Common Questions Parents Ask About Childhood Friendships, Part 2

[freeimages.com] outcast-3-1159995-mWhat can happen if my child doesn’t have friends?

Potential consequences of a childhood spent alone can include being isolated, victimized by peers, or confused about why he/she doesn’t have friends. It can also result in problems adjusting to life and possible engagement with deviant behaviors.

What are some of the adult problems that can be avoided by learning to develop meaningful friendships as a child, and how are these childhood habits and adult issues related?

Unfortunately, the adult without social skills is often isolated, lonely, rejected, criticized by others, is not included in work-related activities, and can become the brunt of office jokes. Most adults know another adult who fits this description.

The Problem. Parents, relatives, coaches, teachers and other adults working with children without friends, did not serve these children well. Childhood habits and adult issues are closely related. If the skills are not “caught,” the skills need to be taught. Children, who don’t have social skills, will not just pick them up.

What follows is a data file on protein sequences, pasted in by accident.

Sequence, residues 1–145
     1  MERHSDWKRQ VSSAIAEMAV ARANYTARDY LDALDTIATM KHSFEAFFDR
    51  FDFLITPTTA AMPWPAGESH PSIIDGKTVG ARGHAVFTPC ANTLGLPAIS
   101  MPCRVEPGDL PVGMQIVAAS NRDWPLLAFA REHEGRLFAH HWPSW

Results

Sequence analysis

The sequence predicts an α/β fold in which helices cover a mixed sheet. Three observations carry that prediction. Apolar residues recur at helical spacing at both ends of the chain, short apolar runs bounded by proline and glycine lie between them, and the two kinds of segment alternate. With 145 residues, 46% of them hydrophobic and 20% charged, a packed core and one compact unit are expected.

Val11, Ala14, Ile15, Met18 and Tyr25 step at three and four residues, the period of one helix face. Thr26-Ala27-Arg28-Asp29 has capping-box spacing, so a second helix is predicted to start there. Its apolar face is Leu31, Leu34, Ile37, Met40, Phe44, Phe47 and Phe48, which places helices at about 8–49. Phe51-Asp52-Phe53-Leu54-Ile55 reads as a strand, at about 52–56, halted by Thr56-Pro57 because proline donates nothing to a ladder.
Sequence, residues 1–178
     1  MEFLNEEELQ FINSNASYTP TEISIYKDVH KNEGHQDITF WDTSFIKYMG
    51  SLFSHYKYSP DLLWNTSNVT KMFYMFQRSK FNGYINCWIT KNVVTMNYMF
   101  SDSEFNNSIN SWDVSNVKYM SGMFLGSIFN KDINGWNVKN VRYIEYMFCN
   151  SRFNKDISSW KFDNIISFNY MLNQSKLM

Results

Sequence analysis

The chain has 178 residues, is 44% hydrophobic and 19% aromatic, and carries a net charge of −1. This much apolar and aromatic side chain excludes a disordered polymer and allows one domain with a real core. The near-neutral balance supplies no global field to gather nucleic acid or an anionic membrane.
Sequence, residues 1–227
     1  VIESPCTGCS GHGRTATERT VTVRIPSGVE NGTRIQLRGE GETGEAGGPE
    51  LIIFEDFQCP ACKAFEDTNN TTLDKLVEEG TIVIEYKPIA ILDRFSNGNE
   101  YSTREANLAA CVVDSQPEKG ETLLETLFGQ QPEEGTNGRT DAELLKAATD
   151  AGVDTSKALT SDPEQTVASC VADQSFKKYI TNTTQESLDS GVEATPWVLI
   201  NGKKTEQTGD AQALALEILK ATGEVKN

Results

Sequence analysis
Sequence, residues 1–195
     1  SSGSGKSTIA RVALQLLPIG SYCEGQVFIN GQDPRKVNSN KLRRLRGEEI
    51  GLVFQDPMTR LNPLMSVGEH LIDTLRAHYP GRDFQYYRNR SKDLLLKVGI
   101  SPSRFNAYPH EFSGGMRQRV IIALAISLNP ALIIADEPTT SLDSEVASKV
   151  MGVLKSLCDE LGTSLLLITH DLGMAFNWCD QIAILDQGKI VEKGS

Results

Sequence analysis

Be Proactive. Instead of ignoring and neglecting children who don’t exhibit basic social skills, adults can help prevent adult friendship challenges by teaching these skills to children. Educators now recognize that poor social skills will continue throughout adulthood unless the child is taught good skills.

Start Help Early. Early intervention can help children prior to entering kindergarten. Most states provide early intervention for toddlers and preschoolers who exhibit deficits in social and/or emotional development. Many elementary schools offer social skills groups for children so children can learn these skills. Children who lack social skills are being helped tremendously by being identified and taught basic interaction skills. Developing these critical skills will mean that fewer adults will experience adulthood without friends.

 

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